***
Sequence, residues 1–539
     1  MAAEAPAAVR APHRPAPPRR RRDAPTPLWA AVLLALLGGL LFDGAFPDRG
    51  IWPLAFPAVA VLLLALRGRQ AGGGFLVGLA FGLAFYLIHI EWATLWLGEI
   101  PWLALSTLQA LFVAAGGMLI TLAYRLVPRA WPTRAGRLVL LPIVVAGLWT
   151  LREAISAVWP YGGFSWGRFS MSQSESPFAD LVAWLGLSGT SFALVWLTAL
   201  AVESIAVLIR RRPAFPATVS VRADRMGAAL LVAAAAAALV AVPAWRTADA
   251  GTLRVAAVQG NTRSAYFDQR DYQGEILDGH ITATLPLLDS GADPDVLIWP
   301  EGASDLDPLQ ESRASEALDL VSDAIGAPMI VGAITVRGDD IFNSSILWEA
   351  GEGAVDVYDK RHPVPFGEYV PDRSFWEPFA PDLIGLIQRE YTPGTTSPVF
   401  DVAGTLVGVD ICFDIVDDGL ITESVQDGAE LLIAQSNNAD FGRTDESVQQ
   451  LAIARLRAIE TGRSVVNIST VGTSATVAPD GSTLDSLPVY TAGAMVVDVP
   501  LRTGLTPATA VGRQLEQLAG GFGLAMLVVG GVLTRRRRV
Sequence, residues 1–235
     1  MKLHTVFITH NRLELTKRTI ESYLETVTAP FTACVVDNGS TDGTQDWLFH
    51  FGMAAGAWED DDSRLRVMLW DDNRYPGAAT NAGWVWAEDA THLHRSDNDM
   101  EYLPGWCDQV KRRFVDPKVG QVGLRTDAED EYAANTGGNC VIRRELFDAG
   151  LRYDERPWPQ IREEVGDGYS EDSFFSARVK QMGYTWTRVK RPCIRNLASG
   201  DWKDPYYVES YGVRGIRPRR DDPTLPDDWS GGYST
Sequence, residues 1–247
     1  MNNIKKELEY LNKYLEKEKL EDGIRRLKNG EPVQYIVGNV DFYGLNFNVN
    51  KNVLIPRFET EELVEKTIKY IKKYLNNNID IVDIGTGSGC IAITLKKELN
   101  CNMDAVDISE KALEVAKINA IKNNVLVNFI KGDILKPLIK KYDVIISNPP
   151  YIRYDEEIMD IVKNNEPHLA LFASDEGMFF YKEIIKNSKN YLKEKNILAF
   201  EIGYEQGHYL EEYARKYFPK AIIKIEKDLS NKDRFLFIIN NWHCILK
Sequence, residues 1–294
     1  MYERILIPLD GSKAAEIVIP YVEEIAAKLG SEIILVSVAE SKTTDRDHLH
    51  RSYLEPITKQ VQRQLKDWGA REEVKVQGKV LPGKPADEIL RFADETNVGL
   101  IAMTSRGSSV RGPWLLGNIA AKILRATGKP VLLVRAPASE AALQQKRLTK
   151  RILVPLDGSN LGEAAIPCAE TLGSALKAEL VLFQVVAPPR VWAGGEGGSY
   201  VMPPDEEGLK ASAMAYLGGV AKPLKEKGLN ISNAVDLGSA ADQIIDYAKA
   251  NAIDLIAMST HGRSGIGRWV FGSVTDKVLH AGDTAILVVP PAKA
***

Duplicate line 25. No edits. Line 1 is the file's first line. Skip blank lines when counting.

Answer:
Sequence, residues 1–294